In Malawi, health care workers have come under attack several times recently while trying to bury victims of COVID-19 without spreading the coronavirus.
Health care workers now want a review of guidelines that say they should handle the burials.
The incident happened Tuesday in Mchinji district in central Malawi where villagers threw stones at an ambulance carrying the dead body, in an effort to force the heath care workers to release the body for viewing.
The pandemonium forced the heath care workers to return the body to the mortuary.
This came a week after villagers in Zomba district in southern Malawi chased away health care workers who had come to bury a COVID-19 victim.
They too claimed that their loved one died of other illnesses, not COVID-19, and demanded to bury the body themselves.
Shouts Simeza is chairperson for the Human Resources for Health Coalition.
He says if the attacks continue, the health care workers will refuse to bury any more bodies.
“Because of harassment and abuse, we always leave in fear," Simeza said. "If the situation continues, all of us heath care workers, we will withdraw ourselves from the service of escorting the remains of our brothers and sisters in the communities.”
Families have argued they see no reason they can’t bury COVID-19 victims after health care workers disinfect the bodies. They say they believe the body is safe from coronavirus after disinfection.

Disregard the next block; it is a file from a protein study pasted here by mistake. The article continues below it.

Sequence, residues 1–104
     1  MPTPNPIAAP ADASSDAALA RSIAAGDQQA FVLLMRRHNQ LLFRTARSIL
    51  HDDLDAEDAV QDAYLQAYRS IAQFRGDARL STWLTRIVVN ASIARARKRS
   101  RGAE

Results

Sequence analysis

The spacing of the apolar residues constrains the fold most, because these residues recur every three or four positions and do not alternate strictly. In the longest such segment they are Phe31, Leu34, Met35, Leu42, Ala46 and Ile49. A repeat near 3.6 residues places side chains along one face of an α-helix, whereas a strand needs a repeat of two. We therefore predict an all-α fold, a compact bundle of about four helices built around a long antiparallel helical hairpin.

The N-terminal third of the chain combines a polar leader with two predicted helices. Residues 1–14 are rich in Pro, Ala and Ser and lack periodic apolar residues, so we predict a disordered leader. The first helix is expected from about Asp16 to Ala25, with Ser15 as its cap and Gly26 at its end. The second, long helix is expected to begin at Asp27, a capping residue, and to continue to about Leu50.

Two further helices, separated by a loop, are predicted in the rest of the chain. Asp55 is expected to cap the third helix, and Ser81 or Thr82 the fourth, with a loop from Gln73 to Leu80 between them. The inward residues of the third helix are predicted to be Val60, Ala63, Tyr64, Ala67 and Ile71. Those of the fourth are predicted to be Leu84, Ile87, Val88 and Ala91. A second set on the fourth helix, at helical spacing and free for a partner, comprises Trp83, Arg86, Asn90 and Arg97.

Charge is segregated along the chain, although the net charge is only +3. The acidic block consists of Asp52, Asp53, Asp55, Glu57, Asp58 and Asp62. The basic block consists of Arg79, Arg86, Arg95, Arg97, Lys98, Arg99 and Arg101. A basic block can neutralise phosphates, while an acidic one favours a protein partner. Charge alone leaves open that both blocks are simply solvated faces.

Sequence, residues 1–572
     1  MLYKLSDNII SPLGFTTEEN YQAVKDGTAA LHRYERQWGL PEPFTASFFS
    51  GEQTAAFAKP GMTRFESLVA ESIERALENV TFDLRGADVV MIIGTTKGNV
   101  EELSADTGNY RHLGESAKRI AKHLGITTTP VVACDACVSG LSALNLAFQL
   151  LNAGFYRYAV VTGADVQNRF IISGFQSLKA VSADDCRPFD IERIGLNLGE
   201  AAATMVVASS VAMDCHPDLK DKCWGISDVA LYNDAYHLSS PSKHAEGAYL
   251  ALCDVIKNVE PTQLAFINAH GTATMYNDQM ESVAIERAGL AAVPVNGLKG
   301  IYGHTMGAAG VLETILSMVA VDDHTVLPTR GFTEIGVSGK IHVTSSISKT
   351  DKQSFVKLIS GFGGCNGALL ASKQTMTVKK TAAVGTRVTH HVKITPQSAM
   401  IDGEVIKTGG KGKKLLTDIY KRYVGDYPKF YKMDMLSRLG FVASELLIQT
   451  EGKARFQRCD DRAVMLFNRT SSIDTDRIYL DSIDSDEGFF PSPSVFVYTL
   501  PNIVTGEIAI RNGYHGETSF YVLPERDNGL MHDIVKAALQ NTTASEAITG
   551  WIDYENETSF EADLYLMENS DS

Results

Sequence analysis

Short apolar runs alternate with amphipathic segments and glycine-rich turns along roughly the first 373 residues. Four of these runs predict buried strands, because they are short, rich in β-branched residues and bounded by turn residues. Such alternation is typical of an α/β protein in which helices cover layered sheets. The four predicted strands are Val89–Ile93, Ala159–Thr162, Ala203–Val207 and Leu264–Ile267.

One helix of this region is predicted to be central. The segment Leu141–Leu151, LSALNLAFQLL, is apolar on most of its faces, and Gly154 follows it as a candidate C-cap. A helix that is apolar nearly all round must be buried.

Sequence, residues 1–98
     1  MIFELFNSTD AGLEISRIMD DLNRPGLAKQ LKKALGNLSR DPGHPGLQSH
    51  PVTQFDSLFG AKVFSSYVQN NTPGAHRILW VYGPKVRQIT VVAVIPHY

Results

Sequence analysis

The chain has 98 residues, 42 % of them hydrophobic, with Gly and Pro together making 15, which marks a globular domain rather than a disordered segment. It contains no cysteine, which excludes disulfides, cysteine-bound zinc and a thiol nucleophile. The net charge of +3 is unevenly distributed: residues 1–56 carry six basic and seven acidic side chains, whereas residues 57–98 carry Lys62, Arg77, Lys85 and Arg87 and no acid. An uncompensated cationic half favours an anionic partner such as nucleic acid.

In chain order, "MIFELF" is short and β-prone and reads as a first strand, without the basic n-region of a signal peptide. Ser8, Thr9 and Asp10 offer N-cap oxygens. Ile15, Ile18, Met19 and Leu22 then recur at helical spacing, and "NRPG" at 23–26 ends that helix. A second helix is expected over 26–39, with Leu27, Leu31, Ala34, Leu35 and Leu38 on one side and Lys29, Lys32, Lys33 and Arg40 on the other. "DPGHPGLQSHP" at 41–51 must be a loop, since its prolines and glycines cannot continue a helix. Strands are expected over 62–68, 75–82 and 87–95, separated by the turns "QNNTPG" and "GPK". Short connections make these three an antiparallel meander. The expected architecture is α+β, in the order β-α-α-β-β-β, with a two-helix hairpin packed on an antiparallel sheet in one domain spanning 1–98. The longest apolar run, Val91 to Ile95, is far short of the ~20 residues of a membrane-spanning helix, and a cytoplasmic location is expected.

But Simeza says the health care workers are only following guidelines on how to bury the victims of COVID-19.
“The guidelines still demand that the health workers should support in escorting and burying of remains for safety of the public," Simeza said, "So, the direction now is to work on the guidelines, what we have at hand; review them. For that to be carried out, we will need to involve community so that they can appreciate the scourge.”
In the initial months of the COVID-19 pandemic, experts warned that dead bodies were infectious, like bodies of those killed by the Ebola virus.
More recently, however, the U.S. Centers for Disease Control issued a burial guide that said, “it is believed there is little risk of getting COVID-19 from a dead body.”
The guide said the coronavirus, which causes COVID-19, spreads mainly through droplets produced when a person coughs, sneezes or talks.
Malawi has seen a surge in COVID-19 cases since November.
Health authorities put the current average number of daily infections at 300 cases compared to 10 during the first wave of the pandemic.